News & Politics

An Inflatable George Santos Flopped Around the National Mall Tuesday

As winds gusted and Congress made moves to expel the Republican lawmaker, protesters flew a balloon version of him in front of the Capitol.

Photograph by Evy Mages

If your brain hasn’t yet been completely broken by 2023 in Washington, you might have noticed a 15-foot-tall inflatable version of US Representative George Santos in front of the Capitol Tuesday.

Sporting his trademark spectacles, a suit, and a red tie that reads “full of lies,” the balloon doppelgänger jostled about in the wind for a couple hours Tuesday morning while political junkies waited to hear whether the representative from New York’s Third District would resign or be expelled by his peers later this week. Amid the chaos, said MoveOn’s campaign director Kelsey Herbert, the group was on hand “to make a scene.”

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MoveOn, a progressive political action group that hosts many petitions across a range of issues, has been railing against Santos since he took office after using a fabricated background on the campaign trail. Despite his many scandals, Santos has survived two earlier votes to expel him from Congress, which is what brought MoveOn and their flying friend to Capitol. Nothing seemed to be working, Herbert said, and called the demonstration “the natural next step.”

Photograph by Hunter Spears.

Over the summer, the organization placed a custom order through Texas-based for a few thousand dollars and had it shipped to a member’s house in Great Neck, New York. After a successful backyard test run, MoveOn waited for the perfect moment. “We were waiting for a time when the attention was on him and there was momentum,” Herbert says. So after the House Ethics Committee released a report that accused Santos of various audacious financial shenanigans and said he has “brought severe discredit upon the House,” the balloon took a trip down to DC.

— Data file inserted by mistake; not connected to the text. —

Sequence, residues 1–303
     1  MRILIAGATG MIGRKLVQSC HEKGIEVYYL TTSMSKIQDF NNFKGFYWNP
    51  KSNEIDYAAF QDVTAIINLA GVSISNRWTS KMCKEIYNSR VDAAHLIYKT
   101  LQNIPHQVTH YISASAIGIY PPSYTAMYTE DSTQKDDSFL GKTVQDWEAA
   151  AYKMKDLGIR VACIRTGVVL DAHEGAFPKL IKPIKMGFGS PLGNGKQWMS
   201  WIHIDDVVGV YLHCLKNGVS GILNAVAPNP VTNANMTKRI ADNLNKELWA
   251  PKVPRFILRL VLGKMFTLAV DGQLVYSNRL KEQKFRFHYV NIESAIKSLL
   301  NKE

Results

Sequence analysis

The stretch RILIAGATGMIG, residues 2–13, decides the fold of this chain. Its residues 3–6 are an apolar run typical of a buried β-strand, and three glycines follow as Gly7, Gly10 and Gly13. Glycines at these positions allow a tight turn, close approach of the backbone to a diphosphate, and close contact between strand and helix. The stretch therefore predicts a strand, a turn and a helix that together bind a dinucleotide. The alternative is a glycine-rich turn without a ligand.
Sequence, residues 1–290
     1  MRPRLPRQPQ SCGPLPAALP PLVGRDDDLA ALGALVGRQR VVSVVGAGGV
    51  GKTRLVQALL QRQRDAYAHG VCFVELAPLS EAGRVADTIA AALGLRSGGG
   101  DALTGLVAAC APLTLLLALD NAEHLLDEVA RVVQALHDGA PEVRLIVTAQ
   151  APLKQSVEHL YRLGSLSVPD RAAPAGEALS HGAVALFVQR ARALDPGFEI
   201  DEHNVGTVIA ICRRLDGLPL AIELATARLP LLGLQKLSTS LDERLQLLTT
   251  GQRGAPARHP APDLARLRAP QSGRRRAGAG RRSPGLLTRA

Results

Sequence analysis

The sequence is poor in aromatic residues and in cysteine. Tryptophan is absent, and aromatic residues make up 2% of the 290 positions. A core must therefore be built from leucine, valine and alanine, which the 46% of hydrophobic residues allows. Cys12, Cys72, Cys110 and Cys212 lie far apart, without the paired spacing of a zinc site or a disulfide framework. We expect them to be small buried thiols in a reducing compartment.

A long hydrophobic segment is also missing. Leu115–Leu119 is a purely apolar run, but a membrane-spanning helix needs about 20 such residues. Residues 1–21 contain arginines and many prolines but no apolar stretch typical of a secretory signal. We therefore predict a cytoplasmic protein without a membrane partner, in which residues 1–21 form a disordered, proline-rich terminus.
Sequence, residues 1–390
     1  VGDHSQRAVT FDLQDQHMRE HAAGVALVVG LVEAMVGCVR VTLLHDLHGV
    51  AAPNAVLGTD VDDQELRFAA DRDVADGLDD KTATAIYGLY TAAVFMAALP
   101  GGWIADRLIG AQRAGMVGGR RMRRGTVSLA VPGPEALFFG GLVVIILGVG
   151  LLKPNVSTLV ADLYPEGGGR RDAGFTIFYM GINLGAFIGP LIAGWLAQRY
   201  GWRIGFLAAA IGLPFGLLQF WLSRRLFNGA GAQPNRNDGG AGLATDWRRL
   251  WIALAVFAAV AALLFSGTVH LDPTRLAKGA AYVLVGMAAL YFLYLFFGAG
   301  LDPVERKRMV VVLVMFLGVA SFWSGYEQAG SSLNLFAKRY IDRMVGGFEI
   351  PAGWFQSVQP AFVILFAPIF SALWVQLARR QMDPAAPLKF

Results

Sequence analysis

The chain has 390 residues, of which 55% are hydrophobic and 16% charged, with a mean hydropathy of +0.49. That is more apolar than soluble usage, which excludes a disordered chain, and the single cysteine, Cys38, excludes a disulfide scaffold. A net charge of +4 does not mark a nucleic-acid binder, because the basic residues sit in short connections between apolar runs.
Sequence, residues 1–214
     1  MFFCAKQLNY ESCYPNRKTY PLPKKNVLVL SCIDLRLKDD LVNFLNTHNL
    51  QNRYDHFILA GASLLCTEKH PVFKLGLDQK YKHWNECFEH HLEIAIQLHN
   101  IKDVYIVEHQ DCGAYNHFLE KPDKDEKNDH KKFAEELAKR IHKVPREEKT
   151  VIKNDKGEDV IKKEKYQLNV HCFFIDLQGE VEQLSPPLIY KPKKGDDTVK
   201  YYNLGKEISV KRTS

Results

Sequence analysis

On a strip of the National Mall directly in front of the Capitol and between the National Gallery of Art and the National Museum of the American Indian, the protestors marched with the giant Santos flopping behind them. The occasional gust of wind would sweep him off his feet, resulting in goofy cartwheels that brought laughter to the protestors who kept him tethered to the ground.

Photo by Evy Mages.

One couple visiting from Minnesota took a break from their sightseeing to witness the spectacle. “I think it’s a clever way to protest,” said one. “It’s effective because it’s unusual.”

Her husband chimed in: “She’d rather be talking about climate change over this guy full of hot air.”

After about two hours of the inflatable’s antics, Andrew Nazdin, a member of a group called Glasgow Actions Team that was assisting with the demonstration, gave the call to let the air out of the bloated lawmaker, which led to a comedic sequence of members hugging and body slamming the air out of a giant politician. 

Photograph by Hunter Spears.

Just a few hours later, Congress announced that a third expulsion vote will in fact be held this week. So what will happen to the balloon if Santos is kicked out of Congress? There’s no official plan, Herbert said, adding that the group may hold a funeral of sorts in Santos’ district where they list all of his “accomplishments” while in office, such as allegedly using campaign money for Botox and OnlyFans. 

“This is very cathartic,” one volunteer exclaimed as she jumped atop the balloon in an attempt to deflate Santos before he could be rolled up and packed for his trip home to New York. Another rammed the inflatable’s side only to be bounced backwards. “The Botox is fighting back!” she exclaimed. 

Photograph by Hunter Spears.


Editorial Fellow

Hunter is a cat-loving Coloradoan who enjoys history, Halloween and board games. He studied audio production and radio storytelling at Hofstra University before moving to DC in 2022. During his editorial fellowship with Washingtonian in the fall of 2023, he ran Halloween Hunter, a section featuring local stories for the spooky season.